Treat it like a video game, you have a CPU budget in which everything must get done. The rest of the system must be running at a low enough CPU load that the render target can be hit every single frame.
But again, this all has to be started at day 1.
Wrt scrolling-- could they queue the repaints until the scroll reaches its final destination?
I could live with a phone that reacts "instantly" and scrolls with the animation I expect while showing me transient "placeholder" content.
Giving instant feedback to users is crucial. The repaint of content can wait!
The pull down gesture in the video looks like it triggers on touch up. Reminds me of the first gesture handling system I ever wrote. :)
I gave up on it and let someone who knew what they were doing rewrite it from scratch!
On the technical side of things I wonder if the lag is due to the lack of hardware acceleration or if it's because of a very unoptimized early build. If it's the former it'll fix itself when they integrate the GPU, if it's the latter then it's slightly more worrying from a code quality perspective.
Beyond that the interface looks like pre-alpha status (most of the widgets look like placeholders, glitches everywhere etc...) and they want to ship that in 6 months? I hope that early PureOS adopters are ready for a very rough launch, this is going to be quite a ride...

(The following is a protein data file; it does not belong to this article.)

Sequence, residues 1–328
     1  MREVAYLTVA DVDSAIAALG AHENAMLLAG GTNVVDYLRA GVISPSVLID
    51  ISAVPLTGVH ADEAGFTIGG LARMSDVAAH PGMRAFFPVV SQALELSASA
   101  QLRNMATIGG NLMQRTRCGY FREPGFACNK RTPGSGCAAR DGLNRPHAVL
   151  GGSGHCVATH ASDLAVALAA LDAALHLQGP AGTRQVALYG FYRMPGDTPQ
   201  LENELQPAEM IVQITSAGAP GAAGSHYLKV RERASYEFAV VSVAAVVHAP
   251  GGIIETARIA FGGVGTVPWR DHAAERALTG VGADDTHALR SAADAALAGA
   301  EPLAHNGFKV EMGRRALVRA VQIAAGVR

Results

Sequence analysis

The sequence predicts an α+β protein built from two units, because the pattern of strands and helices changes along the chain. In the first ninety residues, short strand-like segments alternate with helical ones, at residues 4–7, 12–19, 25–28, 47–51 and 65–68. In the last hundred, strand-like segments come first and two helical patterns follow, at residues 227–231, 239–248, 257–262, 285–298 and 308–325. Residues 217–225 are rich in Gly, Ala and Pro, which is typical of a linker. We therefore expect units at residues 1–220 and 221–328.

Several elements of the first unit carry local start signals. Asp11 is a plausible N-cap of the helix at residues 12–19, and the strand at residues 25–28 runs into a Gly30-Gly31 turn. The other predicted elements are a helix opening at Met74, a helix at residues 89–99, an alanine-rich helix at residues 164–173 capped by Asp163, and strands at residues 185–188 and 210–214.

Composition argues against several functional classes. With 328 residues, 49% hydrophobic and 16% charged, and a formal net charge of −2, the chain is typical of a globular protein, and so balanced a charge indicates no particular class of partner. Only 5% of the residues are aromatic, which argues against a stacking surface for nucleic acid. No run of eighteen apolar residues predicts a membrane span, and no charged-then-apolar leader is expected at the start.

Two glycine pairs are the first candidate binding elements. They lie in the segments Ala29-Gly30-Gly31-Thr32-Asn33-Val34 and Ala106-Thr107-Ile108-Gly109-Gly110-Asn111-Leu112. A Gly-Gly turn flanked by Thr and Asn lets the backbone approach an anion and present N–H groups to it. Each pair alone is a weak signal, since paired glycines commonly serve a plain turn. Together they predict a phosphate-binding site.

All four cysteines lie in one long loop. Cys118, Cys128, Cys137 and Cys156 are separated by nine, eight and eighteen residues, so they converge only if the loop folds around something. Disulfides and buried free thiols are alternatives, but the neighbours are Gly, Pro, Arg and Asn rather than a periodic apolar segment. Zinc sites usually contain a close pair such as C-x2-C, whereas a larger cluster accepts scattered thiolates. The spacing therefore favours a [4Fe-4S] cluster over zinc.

Umm, what? Linux desktop is considered by far to be the most efficient and responsive desktop user interfaces there are. We have DEs that run on 10 year old hardware with no delay and even tilling window managers that are as efficient as you could ever get with todays hardware.
Sure they are not average Joe friendly but to attack it's efficiency and responsiveness is preposterous.
Also, they have a lot of time. I have made a few UI's myself back in the DOS days, before they were always readily available. First I would make it work, then I would make it look good.
Behind what? I've been a daily linux user for the last decade or so, I've always felt the desktop experience was superior to to Windows and Mac. At least Gnome 2/3 has been.